Is Boonen v Cancellara a rivalry that never was?

I’m sure you’ve read all the 2014 preview pieces this year, all telling you pretty much the same thing: The Tour de France is going to be Chris Froome versus Vincenzo Nibali, with a side helping of Mark Cavendish versus Marcel Kittel, the Giro will become an Aussie battle ground with Cadel Evans and Richie Porte trying to unseat Nairo Quintana, and that we are due a resumption of the rivalry between Belgium’s favourite son, Tom Boonen, and the Swiss gladiator Fabian Cancellara. These two men, with their combined seven Paris-Roubaix cobblestones and five Tour of Flanders bicycle trophies, are set to take up the battle once more, we are told, on the hellingen and pave of Northern Europe.

Yet the last time the two have truly dueled on the cobbles was in 2011, when neither man triumphed, and the last time both have raced each other at top form was 2010. Even before then, the two haven’t actually featured together in the races that often. Since 2005, the year when Tom Boonen began the period of Tomeke/Spartacus domination by winning the Tour of Flanders and Paris Roubaix, the pair have featured on the podium together just twice in the eight subsequent Paris-Roubaix editions (and one of those is contentious, given Boonen was elevated to 2nd from 5th in 2006 when the three men ahead of him (Leif Hoste, Peter Van Petegem and Vladimir Gusev) were disqualified for going under a train level crossing, despite Boonen doing the same thing as the barriers were rising) and only once in the eight editions of the Tour of Flanders. The two have never been on the podium at Milan San Remo together either, so the question is simple – why are the two seemingly inseparable in the cycling press?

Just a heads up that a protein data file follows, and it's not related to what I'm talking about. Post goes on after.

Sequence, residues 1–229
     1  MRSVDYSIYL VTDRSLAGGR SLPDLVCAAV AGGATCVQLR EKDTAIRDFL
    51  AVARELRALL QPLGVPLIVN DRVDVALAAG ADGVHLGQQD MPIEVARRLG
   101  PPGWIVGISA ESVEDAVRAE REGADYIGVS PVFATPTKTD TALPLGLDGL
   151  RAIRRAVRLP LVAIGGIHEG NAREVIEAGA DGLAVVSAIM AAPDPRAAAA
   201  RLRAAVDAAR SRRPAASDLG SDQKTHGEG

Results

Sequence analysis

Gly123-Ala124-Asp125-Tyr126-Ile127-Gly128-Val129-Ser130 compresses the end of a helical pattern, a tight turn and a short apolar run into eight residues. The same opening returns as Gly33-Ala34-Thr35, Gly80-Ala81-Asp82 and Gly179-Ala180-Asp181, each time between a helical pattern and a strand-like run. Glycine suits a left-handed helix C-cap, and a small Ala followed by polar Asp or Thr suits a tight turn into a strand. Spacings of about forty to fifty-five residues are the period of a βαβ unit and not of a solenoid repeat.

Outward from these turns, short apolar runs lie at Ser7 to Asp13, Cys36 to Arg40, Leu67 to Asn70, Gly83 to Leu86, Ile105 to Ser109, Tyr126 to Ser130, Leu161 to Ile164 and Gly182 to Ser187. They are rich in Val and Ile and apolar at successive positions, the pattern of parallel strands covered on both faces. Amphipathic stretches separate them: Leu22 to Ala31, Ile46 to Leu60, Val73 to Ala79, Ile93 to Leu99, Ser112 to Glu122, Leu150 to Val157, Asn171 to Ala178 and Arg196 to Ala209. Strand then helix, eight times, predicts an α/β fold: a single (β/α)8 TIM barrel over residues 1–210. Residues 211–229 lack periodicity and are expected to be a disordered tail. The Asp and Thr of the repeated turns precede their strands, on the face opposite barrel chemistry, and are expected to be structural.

The easy answer is simply that the two are the two men who have dominated the cobbled classics for the last ten years, even if, as the above suggests, they have rarely actually clashed. They have won twelve of the last eighteen cobbled Monuments between them, and have been on the podium seventeen times in that period as well (Boonen had also been third in 2002). They have also managed to do the cobbled classics double, something attained by only eight other riders, twice each. For this reason the media is always keen to try and make them be compared to one another, even though their goals are somewhat divergent aside from the ‘Holy Week’ in Northern France/Belgium – Cancellara is a time triallist whilst Boonen is a part-time sprinter. We have actually only had five real duels between the two: the 2006 Paris-Roubaix, 2008 Paris-Roubaix, the 2010 Tour of Flanders and Paris-Roubaix, the 2011 Tour of Flanders.

2006 Paris-Roubaix

Cyling - Paris-Roubaix - Fabian Cancelara
At Paris-Roubaix 2006, Tom Boonen was at arguably the peak of his career – his 2005 had seen him win Roubaix and Flanders, two stages of the Tour de France and then the Worlds in Madrid, following on from which he had won his home event, the Tour of Flanders, in the rainbow jersey – a feat that perhaps could only have been improved by winning it in the Belgian national champions jersey. At Paris-Roubaix, he looked like he would be repeating his triumphs, and the controversy was mainly over the hybrid jersey he had been made to wear in the duel between the ProTour (remember that?) and the race organisers, where the UCI wanted him to wear the all white ProTour leader’s jersey whilst the race organisers, the team and indeed everyone but the UCI wanted him to wear the rainbow jersey. He certainly gave it a good airing, as he first whittled down the group on Arenberg before letting the luck of Paris-Roubaix break George Hincapie’s steerer tube and cause Vladimir Gusev to knock off Alessandro Ballan. Gusev got back in time to see Cancellara, who had previously been known mainly for his prologue win against Lance Armstrong in the 2004 Tour de France, accelerate away, and whilst Gusev held him for a while, by Carrefour de l’Arbe Cancellara was off to a solo victory.

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This wasn’t really a duel between the two then, as Boonen only became second after the three riders ahead of him were DQed for ducking under a barrier – something Boonen himself also did, although he had waited behind the barriers and let the train go past. However suspicion was rife that the disqualifications had been made to get Boonen on the podium for some added publicity. Cancellara had won the race without really racing Boonen, who refused to stand on the podium after the DQs, and so a ‘rivalry’ was spawned – Boonen would have to regain his title from the pretender Cancellara.